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Handling Depression After Quitting Smoking

After you quit smoking it is normal to feel sad at times. Feelings of depression are common among people whom have quit smoking. Many people have an urge to smoke when they feel depressed. Just remember if you give into this craving you may find yourself sad for another reason, smoking a cigarette and not sticking with your decision to quit smoking.

If you do find yourself suffering from depression it will typically begin within the first day or so and continue for a couple of weeks. It should go away within a month.

Here are a few ideas to handle depression after quitting smoking:

  1. Try and determine the specific feelings at the time that you seem depressed. Are you actually feeling tired, lonely, bored, or hungry? Focus on and address these specific needs.

  2. Add up how much money you have saved not buying cigarettes and imagine (in detail) how you will spend that money after six months of not buying cigarettes.

  3. Do something fun, call a friend, go to a movie, or some other event that is pleasurable.

  4. Write down solutions to things that upset you.

  5. Try to keep positive about the changes in your life.

  6. Try to increase your physical activity, go for a walk or to the gym. This will help to improve you mood and lift your depression.

  7. Focus on your strengths.

  8. Plan your next vacation or fun activity.

  9. Take deep breaths.

  10. Make a list of your personal short and long-term goals.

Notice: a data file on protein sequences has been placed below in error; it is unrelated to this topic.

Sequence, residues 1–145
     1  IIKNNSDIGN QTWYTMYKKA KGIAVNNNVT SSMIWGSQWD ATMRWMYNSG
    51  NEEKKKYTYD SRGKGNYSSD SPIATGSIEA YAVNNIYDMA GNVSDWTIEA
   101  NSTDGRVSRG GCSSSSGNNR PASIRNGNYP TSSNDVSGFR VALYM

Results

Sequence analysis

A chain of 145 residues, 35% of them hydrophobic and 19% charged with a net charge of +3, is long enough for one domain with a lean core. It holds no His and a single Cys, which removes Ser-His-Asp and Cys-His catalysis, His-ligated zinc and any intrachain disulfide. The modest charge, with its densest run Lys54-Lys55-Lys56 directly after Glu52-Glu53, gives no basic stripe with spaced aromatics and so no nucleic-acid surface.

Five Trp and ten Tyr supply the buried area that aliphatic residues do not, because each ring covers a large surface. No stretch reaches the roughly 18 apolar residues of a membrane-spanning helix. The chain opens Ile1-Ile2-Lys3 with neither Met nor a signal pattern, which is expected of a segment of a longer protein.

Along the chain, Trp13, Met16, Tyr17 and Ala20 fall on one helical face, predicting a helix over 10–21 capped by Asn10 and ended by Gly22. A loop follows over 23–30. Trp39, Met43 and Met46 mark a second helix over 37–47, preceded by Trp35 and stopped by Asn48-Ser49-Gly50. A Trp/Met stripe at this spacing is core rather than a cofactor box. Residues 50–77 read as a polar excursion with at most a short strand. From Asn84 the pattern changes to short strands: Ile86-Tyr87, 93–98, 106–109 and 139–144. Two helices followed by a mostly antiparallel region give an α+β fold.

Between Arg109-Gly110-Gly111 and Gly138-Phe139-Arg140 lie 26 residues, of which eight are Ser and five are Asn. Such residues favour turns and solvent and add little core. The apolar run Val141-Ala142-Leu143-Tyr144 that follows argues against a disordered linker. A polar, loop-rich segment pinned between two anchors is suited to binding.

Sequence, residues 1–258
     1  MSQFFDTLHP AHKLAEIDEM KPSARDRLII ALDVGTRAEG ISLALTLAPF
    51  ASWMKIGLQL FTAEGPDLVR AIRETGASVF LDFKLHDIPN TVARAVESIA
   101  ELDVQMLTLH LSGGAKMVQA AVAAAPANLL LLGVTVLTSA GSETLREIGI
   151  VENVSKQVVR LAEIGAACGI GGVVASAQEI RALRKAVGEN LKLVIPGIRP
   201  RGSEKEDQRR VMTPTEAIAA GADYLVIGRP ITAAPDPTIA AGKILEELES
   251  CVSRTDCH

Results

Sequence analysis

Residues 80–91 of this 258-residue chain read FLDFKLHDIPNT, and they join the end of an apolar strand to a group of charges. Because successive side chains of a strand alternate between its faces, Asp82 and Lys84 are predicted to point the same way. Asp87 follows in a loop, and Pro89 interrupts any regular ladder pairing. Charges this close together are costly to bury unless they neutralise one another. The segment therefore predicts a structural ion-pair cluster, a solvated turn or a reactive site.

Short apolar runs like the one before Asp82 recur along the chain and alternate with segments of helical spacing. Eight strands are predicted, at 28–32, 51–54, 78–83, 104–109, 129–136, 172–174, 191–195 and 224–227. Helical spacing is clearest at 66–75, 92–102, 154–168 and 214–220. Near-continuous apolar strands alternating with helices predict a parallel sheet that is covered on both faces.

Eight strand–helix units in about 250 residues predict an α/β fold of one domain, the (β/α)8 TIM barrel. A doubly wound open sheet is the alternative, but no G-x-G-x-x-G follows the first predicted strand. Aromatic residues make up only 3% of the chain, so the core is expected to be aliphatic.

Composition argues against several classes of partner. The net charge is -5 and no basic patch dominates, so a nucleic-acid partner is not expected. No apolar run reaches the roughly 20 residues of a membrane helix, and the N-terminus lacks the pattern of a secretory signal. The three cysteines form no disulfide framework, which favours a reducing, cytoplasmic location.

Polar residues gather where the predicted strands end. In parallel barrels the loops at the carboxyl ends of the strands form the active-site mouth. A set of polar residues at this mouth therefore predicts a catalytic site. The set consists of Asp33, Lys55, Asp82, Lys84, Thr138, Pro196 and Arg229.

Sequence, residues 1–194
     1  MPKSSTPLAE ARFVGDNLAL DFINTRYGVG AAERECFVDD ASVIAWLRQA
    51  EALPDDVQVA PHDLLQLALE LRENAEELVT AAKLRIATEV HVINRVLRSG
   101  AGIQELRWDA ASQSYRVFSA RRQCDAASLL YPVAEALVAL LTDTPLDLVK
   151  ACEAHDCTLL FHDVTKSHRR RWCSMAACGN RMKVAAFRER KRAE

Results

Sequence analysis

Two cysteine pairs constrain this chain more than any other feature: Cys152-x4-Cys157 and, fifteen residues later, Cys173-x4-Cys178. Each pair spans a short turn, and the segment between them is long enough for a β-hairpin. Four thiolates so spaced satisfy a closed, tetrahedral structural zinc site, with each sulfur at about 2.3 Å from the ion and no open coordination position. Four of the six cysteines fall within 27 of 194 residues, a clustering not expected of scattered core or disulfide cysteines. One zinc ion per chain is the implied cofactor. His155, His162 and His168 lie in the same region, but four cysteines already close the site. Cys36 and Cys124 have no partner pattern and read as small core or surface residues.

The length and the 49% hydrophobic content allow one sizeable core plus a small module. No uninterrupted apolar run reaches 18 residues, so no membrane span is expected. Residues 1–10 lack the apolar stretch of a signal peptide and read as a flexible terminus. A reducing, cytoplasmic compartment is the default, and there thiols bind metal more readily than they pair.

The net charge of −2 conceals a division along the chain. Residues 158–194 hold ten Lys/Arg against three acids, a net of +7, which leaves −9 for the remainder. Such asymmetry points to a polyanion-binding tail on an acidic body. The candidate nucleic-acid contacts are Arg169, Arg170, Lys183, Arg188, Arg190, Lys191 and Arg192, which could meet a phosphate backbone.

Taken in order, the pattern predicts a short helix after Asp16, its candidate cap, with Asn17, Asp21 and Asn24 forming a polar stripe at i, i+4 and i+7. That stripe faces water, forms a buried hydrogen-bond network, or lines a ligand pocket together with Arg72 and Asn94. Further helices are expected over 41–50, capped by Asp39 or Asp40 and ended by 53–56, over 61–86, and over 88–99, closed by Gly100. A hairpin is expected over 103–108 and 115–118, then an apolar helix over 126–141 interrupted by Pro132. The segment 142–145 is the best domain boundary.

11. Think of how healthy you will be when all smoking effects are gone from your body and you can call yourself smoke-free.

  12. If depression continues for more than 1 month, consult your doctor.

Not only is nicotine highly addictive it acts as a stimulant and a depressant, depending upon your mood and the time of day. It effects your mood by regulating the level of activity of key parts of the brain and central nervous system that control your sense of well-being.

Not only is nicotine highly addictive it acts as a stimulant and a depressant, depending upon your mood and the time of day.  It effects your mood by regulating the level of activity of key parts of the brain and central nervous system that control your sense of well-being.

No two people are alike. The way you may cope with the problems of quitting smoking may be the different than what worked for someone else. Consult your doctor about prescription medication such as Wellbutrin or Zyban that may help you with depression.  Learn about the signs of depression and where to go for help. Visit the National Institute of Mental Health web site for more information.

Note:

Having a history of depression is associated with more severe withdrawal symptoms, including more severe depression. Studies have shown that individuals with a history of major depression will have a new major depressive episode after quitting smoking. However, in the cases with no history of depression, major depression after quitting smoking is rare.

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